Go is a general purpose programming language---and the first significant language designed for multicore/multiprocessor systems out of the box. It is useful for any systems and backend programming, and for web programming. It doesn't (yet) meet the needs of GUI programmers except via some third party bindings (e.g., to Gtk+). I expect it will be ported to Android at some point.

As for a compelling case: that depends on what you're already using. I think that Go is easier and more convenient than Java---and much easier than C++.

I would advocate learning Go by getting a good book and writing some Go programs. By the end of that process you'll have much more of an idea of Go's strengths and weaknesses in relation to the kind of programs you are interested in.
Igor Mechnikov
Ranch Hand

Joined: Feb 13, 2011
Posts: 100

Mark Summerfield wrote:
I would advocate learning Go by getting a good book and writing some Go programs. By the end of that process you'll have much more of an idea of Go's strengths and weaknesses in relation to the kind of programs you are interested in.


What would be some good beginning programs/tasks to learn Go?


String knock = "\u042F \u0418\u0433\u043e\u0440\u044c";
Mark Summerfield
author
Ranch Hand

Joined: Jun 20, 2012
Posts: 37

Hi Igor,

What would be some good beginning programs/tasks to learn Go?


Well, naturally the exercises in "Programming in Go".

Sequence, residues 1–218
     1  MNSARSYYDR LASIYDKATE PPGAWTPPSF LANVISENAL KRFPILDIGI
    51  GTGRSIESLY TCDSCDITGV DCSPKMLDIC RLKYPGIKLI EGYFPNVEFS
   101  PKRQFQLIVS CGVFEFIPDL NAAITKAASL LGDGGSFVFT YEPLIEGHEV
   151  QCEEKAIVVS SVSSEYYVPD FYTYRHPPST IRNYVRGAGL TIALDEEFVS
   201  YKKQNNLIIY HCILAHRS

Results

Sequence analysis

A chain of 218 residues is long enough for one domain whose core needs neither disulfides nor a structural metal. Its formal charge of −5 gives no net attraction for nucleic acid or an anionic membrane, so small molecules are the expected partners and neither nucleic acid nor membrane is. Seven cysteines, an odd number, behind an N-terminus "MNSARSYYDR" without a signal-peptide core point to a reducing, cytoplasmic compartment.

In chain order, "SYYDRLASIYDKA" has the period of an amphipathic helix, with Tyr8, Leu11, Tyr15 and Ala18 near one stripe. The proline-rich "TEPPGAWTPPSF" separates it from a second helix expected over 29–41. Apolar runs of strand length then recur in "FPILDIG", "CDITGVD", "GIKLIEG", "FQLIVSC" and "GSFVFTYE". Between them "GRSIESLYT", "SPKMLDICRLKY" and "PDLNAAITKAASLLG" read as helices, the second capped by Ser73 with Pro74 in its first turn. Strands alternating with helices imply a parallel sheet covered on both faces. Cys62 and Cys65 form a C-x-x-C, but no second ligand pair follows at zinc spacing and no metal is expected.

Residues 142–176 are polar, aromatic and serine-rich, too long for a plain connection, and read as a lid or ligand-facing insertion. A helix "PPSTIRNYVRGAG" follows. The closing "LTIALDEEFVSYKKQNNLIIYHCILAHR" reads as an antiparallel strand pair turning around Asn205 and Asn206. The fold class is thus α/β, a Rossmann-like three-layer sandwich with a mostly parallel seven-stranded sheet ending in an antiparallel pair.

But more generally, I'd think about writing programs that will bring you face to face with the particular paradigms that are uniquely Go's.

So, maybe take a program you have that makes heavy use of object orientation including inheritance and rewrite it from scratch (don't convert it!) to Go, using Go's inheritance-free approach. Then add a significant feature to the application and see which it is easier to change, the original or the Go version (but allowing for the fact that the original is in a language you're used to and the Go one isn't).

Another idea would be to take a non-concurrent program that has opportunities for concurrency and try doing a concurrent version in Go (and if you have time in its original language).

If you want more specific ideas then I think a good starting point are the Unix classics: grep, find, ls, and so on---the first two could be made concurrent.
Igor Mechnikov
Ranch Hand

Joined: Feb 13, 2011
Posts: 100

Mark Summerfield wrote:
If you want more specific ideas then I think a good starting point are the Unix classics: grep, find, ls, and so on---the first two could be made concurrent.


I will attempt this today. And I believe someone at the University of California already tried to redo Unix utilities in Go, so there is something to compare.
Thank you Mark for answering all my queries.